48 (143) 2021

REITs for Poland

REITs for Poland

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Poland’s commercial real-estate sector is highly unusual in that 97% of all transactions involve foreign capital - only 3-4% of the volume invested on average per year is domestic capital.

This compares with about 40%-50% participation of domestic capital across western Europe and a massive 77% in Hungary!
The shopping-malls, office blocks, factories and warehouses that have appeared in Poland since the 1990s earn solid revenues for foreign pension funds, property funds and banks – but not for Poles themselves.

The reason for such a glaring difference is the lack of legislation allowing investment vehicles (real estate investment trusts, or REITs) to be established in Poland. REITs giving investors (both retail and institutional) the chance to be taxed once on the dividends earned by the properties in which they invested, rather than twice (tax on corporate profit, and then as income tax).

The BPCC’s Real Estate and Construction Policy Group met on 28 April 2020 to discuss the current state of legislative work on REITs in Poland. The meeting began with presentation of research carried out by CBRE. The aim was to bring together participants in the market – finance, construction, development and real-estate agents, for an open discussion into the what is needed.

Joanna Mroczek, head of CEE research and marketing for CEE & Poland, set out the big picture, putting the Polish real-estate scene into a regional and European perspective, and outlining the past and current legislative efforts intended to introduce REITs to Poland. Daniel Bienias, head of CBRE in Poland, explained why a lack of domestic capital on the Polish commercial real estate has a negative effect on foreign capital coming into Poland, as the funds looking to exit the market only had other foreign funds to sell to. Polish REITs would bring more liquidity into the market, and would allow Polish retail investors the chance to profit from the solid yields generated by commercial property in Poland, he said.

Malgorzata Kosińska, who chairs REITs Polska, an industry association promoting the concept, explained the institutional and legislative barriers that stand in the way. These are mainly from the National Bank of Poland, wary of the possibility of ‘property bubbles’ that could destroy investors’ savings. Mr Bienias said “legislators should think in terms of cycles rather than bubbles.”

BPCC member Tony Repa, who has recently completed a one-year assignment as the finance minister’s plenipotentiary for capital markets, spoke of the realities of drafting and passing the required legislation through the ministries, and asked private-sector market participants to be forthcoming in what they expected to see in any REITs act.

Bożena Krawczyk, investment director at SEGRO, a UK-registered REIT active in Poland, spoke of the need to educate the decision-makers, to clear up misunderstanding, and to promote the sentiment that REITs would be good for the Polish economy – not only to invest in real estate in Poland, but also to invest in real estate projects in other countries, just like SEGRO’s investors are present in Poland.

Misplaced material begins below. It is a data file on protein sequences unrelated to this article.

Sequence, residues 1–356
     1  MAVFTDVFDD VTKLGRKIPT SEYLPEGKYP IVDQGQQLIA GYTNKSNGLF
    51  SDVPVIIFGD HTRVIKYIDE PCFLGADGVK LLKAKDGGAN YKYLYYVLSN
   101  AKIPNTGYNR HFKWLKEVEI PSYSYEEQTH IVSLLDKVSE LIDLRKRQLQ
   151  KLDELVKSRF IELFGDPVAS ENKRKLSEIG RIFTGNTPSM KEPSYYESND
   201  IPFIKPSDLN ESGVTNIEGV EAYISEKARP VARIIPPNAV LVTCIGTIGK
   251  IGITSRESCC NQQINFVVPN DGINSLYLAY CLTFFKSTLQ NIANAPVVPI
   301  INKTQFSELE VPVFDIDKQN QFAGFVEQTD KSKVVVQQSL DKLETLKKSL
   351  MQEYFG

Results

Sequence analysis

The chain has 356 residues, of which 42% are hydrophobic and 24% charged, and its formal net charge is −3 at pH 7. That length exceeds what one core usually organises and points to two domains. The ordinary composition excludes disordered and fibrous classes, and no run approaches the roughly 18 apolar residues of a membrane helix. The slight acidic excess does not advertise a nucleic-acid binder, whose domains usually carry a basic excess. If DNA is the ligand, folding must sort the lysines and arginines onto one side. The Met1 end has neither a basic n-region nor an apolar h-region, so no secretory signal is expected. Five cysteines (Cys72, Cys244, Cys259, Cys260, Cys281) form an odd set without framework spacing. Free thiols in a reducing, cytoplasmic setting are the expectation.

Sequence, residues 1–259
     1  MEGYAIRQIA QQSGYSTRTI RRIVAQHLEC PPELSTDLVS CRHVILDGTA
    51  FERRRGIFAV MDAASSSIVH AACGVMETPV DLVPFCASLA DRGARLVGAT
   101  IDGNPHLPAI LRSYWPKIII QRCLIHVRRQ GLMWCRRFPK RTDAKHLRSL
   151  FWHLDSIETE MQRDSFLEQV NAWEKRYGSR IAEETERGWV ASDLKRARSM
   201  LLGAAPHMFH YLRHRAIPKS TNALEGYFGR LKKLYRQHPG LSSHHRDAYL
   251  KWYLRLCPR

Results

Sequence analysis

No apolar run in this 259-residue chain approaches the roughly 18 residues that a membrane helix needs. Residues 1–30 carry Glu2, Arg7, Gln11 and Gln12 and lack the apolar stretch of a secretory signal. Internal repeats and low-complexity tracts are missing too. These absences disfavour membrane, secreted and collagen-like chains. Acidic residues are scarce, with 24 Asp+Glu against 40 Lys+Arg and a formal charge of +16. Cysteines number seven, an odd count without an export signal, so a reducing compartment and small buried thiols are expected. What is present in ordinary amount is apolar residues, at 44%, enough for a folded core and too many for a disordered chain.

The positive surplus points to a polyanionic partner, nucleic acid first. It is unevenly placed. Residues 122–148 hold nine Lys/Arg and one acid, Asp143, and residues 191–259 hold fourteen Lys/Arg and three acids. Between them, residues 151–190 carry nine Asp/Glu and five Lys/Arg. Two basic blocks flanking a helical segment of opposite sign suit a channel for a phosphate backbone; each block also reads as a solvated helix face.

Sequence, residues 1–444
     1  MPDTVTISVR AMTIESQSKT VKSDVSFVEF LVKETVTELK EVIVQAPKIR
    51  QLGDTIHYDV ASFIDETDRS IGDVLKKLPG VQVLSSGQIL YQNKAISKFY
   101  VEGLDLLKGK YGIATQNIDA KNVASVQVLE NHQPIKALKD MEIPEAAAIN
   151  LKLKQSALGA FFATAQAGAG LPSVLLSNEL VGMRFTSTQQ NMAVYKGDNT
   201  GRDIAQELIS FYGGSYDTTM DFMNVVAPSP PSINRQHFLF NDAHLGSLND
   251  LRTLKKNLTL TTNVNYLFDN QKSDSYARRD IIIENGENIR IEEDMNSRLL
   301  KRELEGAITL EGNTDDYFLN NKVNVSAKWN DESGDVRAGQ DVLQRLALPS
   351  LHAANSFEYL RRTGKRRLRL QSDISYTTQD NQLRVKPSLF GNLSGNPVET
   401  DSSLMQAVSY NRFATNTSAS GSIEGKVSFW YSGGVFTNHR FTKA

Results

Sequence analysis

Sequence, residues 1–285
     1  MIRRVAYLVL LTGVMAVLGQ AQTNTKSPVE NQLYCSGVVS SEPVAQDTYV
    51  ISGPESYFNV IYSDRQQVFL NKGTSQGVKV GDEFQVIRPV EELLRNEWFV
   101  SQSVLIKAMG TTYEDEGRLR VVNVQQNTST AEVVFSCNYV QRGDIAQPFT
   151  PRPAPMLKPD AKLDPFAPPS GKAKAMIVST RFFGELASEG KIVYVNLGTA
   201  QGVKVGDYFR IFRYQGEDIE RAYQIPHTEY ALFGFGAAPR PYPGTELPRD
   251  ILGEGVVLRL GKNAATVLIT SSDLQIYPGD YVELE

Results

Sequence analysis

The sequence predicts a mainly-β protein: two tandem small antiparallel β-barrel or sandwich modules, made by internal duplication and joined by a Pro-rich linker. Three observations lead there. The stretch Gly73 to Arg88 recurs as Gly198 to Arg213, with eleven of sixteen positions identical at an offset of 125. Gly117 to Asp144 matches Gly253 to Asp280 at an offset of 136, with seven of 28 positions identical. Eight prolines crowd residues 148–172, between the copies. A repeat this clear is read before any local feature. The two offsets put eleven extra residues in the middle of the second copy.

Questions revolved around the need for fiscal incentives at a time of historically low interest rates, whether the vehicles set up as REITs needed to be listed on the Warsaw Stock Exchange, and indeed whether REITs were still relevant in an era of tokenisation and distributed-ledger technology.

The most important question is whether Polish REITs be allowed to invest in residential real estate? This is controversial, and a main reason why Polish regulators (the National Bank of Poland) has shown caution in this area. Looking at EU member states that have long had REITs, massive sums of investors’ money pumped up bubbles in countries like Spain, Ireland or Bulgaria that burst spectacularly after the 2008 financial crisis. By sticking to commercial real estate, which is less prone to boom-and-bust cycles, Poland could avoid such risk by limiting REITs investment to the commercial-property sector. In any case, with record low interest rates, Poles have been tending to invest cash their surplus in flats for rent rather than in bank deposits, shares or bonds.

Lack of REITs legislation leaves Polish citizens at a disadvantage: “Why can’t Polish pensioners benefit from the profits generated by Polish real estate in the same way that pensioners from Canada or Germany benefit from the profits generated by Polish real estate?” asked Marzena Richter, an international auditor experienced in property funds, practising as Staniszewski & Richter
The day before the BPCC held its event, the Council of Ministers announced that a working group is to be set up to lay out the principles under which REITs could operate in Poland (Monitor Polski, 27 April 2021, poz. 407). Looking at the text, there is concern that the working group would consist of representatives of ministries, regulators, the Warsaw Stock Exchange and the NBP, but not of private-sector firms (developers, builders, investors, banks and estate agents).

The BPCC will be watching how this progresses, and will report to the International Group of Chambers of Commerce to see whether the other 16 members of the group, representing foreign investors in Poland would like to take a common position on REITs.

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